Images de page

veniently attend to matters of seriousness on the present occa sion. He quiets himself with hopes of a more suitable time.The feebly convinced sinner is quickly discouraged, and readily warps out of the uncomfortable harbour of concern. But this is not the case with the soundly convinced sinner. He retires from business and the world, and betakes himself to a woody cops, or some secret covert, prostrates himself on the earth, and cries, "God be merciful to me a sinner." Fear impels him,. necessity urges him, and all is horror within. And a peradventure of salvation is a sufficient motive for all his distress and exertions.

It may be here enquired from whence this anxious concern arises.

It arises from the movings of the Spirit of God upon the natural principle of self-preservation. This principle appertains to all created intelligences aside from moral goodness. This principle will always have force in every state to dispose the creature to seek natural happiness and avoid natural evil. This is a law of nature, and operates necessarily to influence a persuit of happiness and an avoidance of misery. This principle, touched by the holy Spirit, awakens the most alarming concern. The sianer, viewing himself, his guilt and danger, the connection between sin and damnation; feeling his conscience stung with the wrath of God, and beholding himself ready to be plunged into the gulf of eternal misery, it is impossible he should not be filled with anxious concern, and most solicitously enquire with the jailor in our text, "What shall I do to be saved?" Hence the creature will fly to every mean which recommends deliverance. Sin and their consequences, seen in their proper light, must effect every power and passion of the soul. And a trembling concern will seize the heart, how to escape the wrath to come.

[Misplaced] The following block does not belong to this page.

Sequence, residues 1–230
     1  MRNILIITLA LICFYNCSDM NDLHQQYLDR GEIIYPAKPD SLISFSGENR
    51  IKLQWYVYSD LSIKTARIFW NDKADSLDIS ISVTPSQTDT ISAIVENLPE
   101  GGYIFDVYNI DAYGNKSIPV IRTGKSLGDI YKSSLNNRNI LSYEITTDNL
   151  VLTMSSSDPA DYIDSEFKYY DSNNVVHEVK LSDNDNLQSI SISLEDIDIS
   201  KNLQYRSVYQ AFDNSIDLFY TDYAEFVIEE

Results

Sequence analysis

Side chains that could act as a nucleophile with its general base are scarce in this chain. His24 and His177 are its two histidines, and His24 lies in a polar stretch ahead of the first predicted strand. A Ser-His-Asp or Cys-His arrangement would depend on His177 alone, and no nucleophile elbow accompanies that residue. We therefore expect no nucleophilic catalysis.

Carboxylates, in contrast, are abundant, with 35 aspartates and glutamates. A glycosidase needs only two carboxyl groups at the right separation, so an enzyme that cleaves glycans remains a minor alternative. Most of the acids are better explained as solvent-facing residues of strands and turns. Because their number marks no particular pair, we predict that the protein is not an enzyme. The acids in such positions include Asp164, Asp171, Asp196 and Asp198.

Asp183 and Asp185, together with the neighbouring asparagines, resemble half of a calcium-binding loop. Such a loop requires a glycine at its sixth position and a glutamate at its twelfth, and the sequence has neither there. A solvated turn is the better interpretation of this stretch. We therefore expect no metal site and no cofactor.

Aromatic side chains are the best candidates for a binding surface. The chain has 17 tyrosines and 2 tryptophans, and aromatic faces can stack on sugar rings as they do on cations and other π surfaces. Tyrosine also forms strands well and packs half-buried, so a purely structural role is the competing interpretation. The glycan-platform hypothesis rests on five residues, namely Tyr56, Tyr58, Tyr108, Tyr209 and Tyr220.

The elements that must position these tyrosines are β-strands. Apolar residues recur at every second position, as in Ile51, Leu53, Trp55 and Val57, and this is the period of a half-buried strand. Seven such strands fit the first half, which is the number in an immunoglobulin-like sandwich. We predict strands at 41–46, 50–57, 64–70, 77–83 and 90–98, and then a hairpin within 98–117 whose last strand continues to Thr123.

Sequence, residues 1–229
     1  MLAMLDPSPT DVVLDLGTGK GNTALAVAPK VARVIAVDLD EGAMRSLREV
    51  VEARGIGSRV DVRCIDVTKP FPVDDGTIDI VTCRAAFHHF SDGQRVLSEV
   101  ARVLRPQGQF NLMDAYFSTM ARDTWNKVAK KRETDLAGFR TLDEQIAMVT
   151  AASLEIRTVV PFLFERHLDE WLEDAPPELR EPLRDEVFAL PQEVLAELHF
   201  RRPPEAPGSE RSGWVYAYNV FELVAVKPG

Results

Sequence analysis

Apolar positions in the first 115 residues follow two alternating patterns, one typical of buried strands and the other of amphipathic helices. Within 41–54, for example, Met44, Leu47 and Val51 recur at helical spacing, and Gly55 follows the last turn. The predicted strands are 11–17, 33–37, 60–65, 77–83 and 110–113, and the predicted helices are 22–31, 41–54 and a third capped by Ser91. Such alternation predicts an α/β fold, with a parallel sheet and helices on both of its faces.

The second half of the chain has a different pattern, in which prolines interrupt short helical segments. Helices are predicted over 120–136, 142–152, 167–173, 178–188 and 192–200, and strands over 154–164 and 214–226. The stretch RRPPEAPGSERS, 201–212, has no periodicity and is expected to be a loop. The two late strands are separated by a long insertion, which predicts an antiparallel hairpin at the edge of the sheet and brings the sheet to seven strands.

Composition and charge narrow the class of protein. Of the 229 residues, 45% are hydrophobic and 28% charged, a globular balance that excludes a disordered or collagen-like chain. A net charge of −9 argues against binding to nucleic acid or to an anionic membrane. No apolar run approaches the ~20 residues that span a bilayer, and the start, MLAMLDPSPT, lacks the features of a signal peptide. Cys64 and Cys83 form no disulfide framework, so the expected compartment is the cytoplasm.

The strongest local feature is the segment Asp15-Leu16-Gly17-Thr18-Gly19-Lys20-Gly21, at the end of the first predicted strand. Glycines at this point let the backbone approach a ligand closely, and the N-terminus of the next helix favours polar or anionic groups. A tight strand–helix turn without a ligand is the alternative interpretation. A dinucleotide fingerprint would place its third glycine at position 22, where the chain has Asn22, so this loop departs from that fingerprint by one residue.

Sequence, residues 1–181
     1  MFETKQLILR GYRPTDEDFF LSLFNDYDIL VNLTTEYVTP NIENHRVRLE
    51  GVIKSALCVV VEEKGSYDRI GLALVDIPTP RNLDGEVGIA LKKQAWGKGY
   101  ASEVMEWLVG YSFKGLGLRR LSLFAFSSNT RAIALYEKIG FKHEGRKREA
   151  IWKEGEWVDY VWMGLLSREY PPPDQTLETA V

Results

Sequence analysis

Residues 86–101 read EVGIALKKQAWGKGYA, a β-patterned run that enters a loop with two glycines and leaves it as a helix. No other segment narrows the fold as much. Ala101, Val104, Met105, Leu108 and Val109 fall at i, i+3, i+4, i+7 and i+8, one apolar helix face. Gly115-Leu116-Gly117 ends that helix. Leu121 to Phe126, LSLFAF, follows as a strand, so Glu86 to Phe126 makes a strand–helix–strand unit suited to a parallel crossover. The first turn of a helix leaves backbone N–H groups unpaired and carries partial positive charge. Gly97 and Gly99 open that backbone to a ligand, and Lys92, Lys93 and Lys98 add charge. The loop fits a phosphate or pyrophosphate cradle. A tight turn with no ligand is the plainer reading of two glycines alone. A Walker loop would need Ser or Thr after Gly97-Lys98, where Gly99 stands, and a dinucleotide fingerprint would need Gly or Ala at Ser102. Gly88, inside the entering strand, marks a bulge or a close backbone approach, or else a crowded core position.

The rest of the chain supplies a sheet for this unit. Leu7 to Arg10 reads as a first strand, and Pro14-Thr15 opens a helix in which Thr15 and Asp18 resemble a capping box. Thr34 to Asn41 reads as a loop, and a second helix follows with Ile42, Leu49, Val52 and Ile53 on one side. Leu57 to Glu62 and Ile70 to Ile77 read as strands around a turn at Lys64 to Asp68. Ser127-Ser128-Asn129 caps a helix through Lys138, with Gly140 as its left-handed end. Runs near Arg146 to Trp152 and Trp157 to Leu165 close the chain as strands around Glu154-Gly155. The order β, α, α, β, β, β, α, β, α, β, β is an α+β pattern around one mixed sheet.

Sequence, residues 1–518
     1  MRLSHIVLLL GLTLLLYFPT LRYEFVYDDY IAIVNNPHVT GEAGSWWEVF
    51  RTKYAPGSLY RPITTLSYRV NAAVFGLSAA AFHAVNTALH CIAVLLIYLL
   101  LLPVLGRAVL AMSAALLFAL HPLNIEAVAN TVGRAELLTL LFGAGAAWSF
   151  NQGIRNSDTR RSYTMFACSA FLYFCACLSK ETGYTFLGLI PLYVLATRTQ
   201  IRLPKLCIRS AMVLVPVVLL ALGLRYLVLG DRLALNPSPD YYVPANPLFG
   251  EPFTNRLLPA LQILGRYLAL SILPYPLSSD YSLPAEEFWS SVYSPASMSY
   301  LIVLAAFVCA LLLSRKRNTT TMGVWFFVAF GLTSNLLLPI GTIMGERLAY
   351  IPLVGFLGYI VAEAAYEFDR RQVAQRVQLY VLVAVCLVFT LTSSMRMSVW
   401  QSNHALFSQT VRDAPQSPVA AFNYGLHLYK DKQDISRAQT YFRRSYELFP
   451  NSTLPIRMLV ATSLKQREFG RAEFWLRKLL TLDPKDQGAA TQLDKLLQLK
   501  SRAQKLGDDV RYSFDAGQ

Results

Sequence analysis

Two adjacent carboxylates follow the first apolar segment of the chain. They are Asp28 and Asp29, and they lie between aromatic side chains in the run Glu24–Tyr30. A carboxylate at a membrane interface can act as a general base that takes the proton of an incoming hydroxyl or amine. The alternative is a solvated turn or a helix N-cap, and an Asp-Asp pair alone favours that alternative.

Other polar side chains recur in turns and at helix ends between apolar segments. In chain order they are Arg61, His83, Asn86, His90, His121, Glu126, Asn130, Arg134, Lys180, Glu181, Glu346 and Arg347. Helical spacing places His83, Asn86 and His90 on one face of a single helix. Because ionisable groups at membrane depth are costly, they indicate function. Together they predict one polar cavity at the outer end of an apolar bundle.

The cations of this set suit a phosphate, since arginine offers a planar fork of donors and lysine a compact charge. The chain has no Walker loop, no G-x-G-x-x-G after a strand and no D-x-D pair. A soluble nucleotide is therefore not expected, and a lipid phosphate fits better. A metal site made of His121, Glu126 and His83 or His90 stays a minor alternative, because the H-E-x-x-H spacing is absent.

These few hints upon the doctrine of convictions, must be concluded with a very brief improvement.

First, We here learn the reason why sinners are entirely quiet

about their salvation, is the want of a suitable concern of heart of their sin and danger. When persons have no anxiety about their future state, the fundamental ground of their security is, they have no proper convictions. They have no views of their evil case, or that they are in any danger. Let the Spirit of God, by the application of the law to their hearts, set their iniquities before them, they can no more help being concerned than the poor jailor. Many laugh at religious convictions, who with pale countenances, run first from approaching danger. If they could see hell uncovered before them, how would they stand aghast, and their souls be filled with agonizing fear and horror? This would instantly silence the pipe and tabret, put an end to the dance, scatter the dice, and throw the cards under the table. If real convictions should take place, the midnight revels would cease, and wicked gaming would vanish from every board and every shop.

Secondly, We are here taught what judgment we should form, of persons who acknowledge their state is bad, and yet are perfectly unconcerned about it. The proper conclusion is, they have no true convictions. They have no more concern about their salvation, than the brutes who fancy death to be an everlasting sleep. They are in their sins, impending over the pit of destruction, yet, notwithstanding all their confessions, they neither see, hear, feel, nor are they afraid.

Thirdly, We infer from this discourse, till persons are con vinced of their sin and danger, they will never be in earnest about salvation. No one will be in earnest about escaping danger, unless he feels an apprehension of his exposedness thereto. Until persons are brought to a seriousness about their salvation, they are never likely to be saved.

But you will here ask to what end and use are convictions, if they do not ensure conversion? I answer as the Apostle did with regard to circumcission, they are profitable every way. Their